Finding 20th Century Ancestors, by Megan Smolenyak Smolenyak

Tulips and pansiesSounds strange to say “twentieth century ancestors,” doesn’t it? There are those who would scoff at the notion of research within the last century being true genealogy. And fortunately, many of our twentieth century ancestors are still very much with us! In fact, many of you reading this are technically twentieth century ancestors yourselves.

But still, a lot can happen in a hundred years; whole generations can enter the stage and exit within that time frame. So how do you go about finding those most recent of ancestors–or even, some living kin?

In general, contemporary research is easier than distant, simply because the more contemporary the times, the more plentiful the paper trail. That is, unless you factor in privacy concerns and increasing restrictions on access to records.

I wrestle with these restrictions on a daily basis due to my work on the U.S. Army’s Repatriation project. Since I need to locate living family members of men who served in WWII, Korea, and Vietnam, I am immersed in a world of twentieth century ancestors–and other assorted relatives. So based on my experience, here are a few suggestions:

  • Surround and conquer. Don’t obsess on the individual you’re seeking. Find others associated with him or her and gradually work your way closer. Collateral relatives are a good start, but so are others who went to the same school or church, served in the same military unit, or hail from the same hometown and happen to sport the same surname (you’d be surprised how often folks of a given surname can tell you about unrelated people of the same name just because they get each other’s mail, share the same veterinarian, or otherwise overlap lives in some fashion).
  • Make friends with census records–especially the every-name ones. At present, offers every-name indexes for the U.S. Federal census records for 1900, 1920, and 1930 (one wonders when 1910 might make its debut!). I conducted an experiment tracking resources consulted in ten successfully resolved cases, and census records were pivotal in 80 percent of them. Of course, it helps that they’re amazingly useful in terms of the surround-and-conquer principle. One of my favorite tactics is finding toddlers in the 1930 census and using other resources (perhaps the U.S. Phone and Address Directories, 1993-2002 or U.S. Public Records Index) to find them today!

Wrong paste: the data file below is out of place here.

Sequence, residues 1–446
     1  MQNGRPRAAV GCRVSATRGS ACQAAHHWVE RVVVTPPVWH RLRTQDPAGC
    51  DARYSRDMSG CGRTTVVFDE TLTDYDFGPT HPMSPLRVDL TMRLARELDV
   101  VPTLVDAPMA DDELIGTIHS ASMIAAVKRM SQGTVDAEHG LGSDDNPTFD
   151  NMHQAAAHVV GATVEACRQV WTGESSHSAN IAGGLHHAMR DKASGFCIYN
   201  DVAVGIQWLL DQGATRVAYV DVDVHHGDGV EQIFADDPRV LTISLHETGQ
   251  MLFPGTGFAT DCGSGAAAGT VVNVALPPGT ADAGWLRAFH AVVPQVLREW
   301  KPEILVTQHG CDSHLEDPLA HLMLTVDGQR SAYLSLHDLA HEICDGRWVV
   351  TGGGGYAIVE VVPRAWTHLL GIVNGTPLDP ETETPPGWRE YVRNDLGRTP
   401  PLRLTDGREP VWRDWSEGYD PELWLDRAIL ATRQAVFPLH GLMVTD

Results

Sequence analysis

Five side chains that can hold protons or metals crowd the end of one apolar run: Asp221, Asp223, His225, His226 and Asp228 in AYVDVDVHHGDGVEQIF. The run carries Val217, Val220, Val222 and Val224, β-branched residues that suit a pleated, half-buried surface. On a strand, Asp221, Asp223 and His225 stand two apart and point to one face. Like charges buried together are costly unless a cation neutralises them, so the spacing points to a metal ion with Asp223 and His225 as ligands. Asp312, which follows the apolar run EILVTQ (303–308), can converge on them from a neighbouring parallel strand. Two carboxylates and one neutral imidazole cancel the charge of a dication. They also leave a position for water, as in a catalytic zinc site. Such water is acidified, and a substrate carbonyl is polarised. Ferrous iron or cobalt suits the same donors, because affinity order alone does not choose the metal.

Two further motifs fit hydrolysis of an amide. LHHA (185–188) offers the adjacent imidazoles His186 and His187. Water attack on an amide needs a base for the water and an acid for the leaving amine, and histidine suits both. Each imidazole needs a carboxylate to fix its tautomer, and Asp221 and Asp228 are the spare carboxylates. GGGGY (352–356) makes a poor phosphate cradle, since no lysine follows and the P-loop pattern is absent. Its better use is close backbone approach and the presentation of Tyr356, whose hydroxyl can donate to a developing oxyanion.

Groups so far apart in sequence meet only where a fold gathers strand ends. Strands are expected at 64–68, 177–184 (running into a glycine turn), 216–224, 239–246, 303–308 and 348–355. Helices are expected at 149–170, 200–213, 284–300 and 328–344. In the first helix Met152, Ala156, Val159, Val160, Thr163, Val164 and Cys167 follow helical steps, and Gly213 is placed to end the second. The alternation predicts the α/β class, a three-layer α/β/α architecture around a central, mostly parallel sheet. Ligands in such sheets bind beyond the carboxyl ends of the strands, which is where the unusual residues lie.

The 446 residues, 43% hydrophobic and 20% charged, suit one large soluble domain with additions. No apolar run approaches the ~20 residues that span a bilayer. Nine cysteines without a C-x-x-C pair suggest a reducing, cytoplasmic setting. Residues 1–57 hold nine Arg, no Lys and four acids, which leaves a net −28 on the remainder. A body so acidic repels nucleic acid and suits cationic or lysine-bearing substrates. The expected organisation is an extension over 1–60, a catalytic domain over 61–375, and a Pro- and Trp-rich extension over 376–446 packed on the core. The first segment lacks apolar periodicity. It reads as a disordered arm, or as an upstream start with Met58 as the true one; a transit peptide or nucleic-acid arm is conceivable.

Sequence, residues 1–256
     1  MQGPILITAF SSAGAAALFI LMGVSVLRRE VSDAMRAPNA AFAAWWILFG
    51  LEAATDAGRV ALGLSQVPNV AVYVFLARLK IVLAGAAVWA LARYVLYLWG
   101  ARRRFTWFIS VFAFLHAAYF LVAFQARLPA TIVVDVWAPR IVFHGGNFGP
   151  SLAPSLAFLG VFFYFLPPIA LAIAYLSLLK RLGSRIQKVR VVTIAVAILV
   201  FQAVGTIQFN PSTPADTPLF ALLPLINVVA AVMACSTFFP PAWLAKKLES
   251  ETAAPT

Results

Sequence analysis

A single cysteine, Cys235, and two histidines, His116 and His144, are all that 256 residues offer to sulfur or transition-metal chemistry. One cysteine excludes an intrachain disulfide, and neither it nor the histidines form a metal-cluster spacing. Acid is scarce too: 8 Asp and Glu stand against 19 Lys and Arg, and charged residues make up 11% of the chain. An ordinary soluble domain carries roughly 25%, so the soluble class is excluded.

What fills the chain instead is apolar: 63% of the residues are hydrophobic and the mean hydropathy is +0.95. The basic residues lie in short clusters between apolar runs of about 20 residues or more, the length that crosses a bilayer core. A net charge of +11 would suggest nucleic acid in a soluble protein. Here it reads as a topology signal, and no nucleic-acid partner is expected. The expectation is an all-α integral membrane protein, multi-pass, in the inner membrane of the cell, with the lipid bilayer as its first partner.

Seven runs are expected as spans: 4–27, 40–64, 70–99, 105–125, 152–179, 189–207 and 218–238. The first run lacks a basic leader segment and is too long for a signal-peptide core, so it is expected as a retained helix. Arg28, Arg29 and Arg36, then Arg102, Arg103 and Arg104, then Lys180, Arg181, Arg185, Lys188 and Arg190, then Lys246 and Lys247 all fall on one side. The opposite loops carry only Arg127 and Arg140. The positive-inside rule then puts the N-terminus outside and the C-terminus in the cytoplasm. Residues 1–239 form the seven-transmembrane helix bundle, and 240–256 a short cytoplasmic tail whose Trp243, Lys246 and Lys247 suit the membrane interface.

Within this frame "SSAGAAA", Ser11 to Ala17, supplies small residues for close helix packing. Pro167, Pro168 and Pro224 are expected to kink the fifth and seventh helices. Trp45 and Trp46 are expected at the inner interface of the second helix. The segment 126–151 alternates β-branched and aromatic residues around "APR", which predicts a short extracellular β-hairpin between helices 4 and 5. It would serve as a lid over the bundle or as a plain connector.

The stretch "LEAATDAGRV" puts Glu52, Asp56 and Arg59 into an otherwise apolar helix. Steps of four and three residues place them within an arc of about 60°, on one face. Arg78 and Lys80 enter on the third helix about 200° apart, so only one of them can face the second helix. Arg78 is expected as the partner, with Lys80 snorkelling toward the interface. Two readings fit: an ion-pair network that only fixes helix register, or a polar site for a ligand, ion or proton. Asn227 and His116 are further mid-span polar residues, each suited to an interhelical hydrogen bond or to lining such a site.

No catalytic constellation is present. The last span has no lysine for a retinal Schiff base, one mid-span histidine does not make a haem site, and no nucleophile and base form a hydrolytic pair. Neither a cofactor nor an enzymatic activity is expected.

• Follow the trail of the deceased to find the living. Since the living are so well protected with various privacy laws, make good use of the Social Security Death Index and obituaries–for those associated with the person you’re seeking. For example, if I have a case for a soldier who was born in 1928, I might find the names of several of his siblings in the 1930 census and then check the SSDI to see if any of his siblings have passed on. If so, I might get an indication of where the family (or at least, some portion of it) is today. And I can use the SSDI details to try to locate an obituary. They’re not quite as common as they used to be, but when they’re located, details provided might include anything from married names of sisters to the name of the funeral home that handled the burial. All of these can be bridges to contacts today. And for those who might be concerned that this method could be used by those wishing to commit fraud (believe it or not, I actually had a librarian sternly inform me recently that obituaries are private records!), let me assure you that crooks aren’t willing to work this hard!

 Happy hunting!

Megan Smolenyak Smolenyak, co-author (with Ann Turner) of Trace Your Roots with DNA: Using Genetic Tests to Explore Your Family Tree (as well as In Search of Our Ancestors, Honoring Our Ancestors and They Came to America), can be contacted through and

Upcoming Events Where Megan Will Be Speaking

— New City, NY – Genealogical Society of Rockland County